Debbie Rigby takes a look at the latest in research relevant to pharmacy
A survey by 792 Australian adults and 609 parents of children with asthma shows significant cost-related underuse of medicines. Cost-related underuse was reported by 52.9% adults and 34.3% parents, predominantly decreasing or skipping doses to make medicines last longer. The authors conclude that urgent targeting of interventions to promote discussion of medicines and costs between doctor and patients, particularly young adult males, is needed.
Journal of Allergy and Clinical Immunology: In Practice 2019.
In a meta-analysis of 95 real-world studies NOACs appear to be at least as effective and safe as VKAs for stroke prevention in patients with NVAF. Rivaroxaban was associated with a 17% reduced risk of ischemic stroke and 31% reduced risk of intracranial haemorrhage. However, rivaroxaban was associated with a higher risk of gastrointestinal bleeding compared to warfarin in the meta-analysis.
Journal of Market Access & Health Policy 2019;7(1):1574541.
Caring for older adults with multiple chronic conditions (MCCs) is challenging. The MCC Action Steps described in this paper provide a continuous process for decision making that is tailored to each patient’s outcome goals, health trajectory, and healthcare preferences. The recommended MCC Actions include: (1) identify and communicate patients’ health priorities and health trajectory; (2) stop, start, or continue care based on health priorities, potential benefit vs harm and burden, and health trajectory; and (3) align decisions and care among patients, caregivers, and other clinicians with patients’ health priorities and health trajectory.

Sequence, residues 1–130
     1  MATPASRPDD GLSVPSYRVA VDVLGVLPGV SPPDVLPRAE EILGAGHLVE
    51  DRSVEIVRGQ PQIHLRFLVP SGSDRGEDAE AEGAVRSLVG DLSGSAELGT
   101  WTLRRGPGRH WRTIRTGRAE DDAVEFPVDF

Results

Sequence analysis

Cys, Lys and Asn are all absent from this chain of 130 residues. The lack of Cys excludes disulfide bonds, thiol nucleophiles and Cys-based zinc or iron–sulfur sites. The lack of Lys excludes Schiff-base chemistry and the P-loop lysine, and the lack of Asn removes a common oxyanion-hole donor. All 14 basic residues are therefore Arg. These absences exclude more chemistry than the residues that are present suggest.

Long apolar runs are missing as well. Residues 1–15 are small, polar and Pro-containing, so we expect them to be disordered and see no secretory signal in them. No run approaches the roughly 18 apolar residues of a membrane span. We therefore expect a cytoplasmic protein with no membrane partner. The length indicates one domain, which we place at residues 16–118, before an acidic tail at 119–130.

J Am Geriatr Soc 2019;67:665-73.
In this prospective cohort study of nearly 6000 women (mean age 79 years) participants with treated hypertension had a lower risk of falls compared with nonhypertensive women. Diastolic BP (but not systolic BP) was weakly associated with fall risk in women on antihypertensive treatment (<1% decrease in risk per mm Hg increase). The only class of antihypertensive medication associated with an increased risk of falls compared with all other types of antihypertensive drugs was β‐blockers.
J Am Geriatr Soc 2019;67:726–733.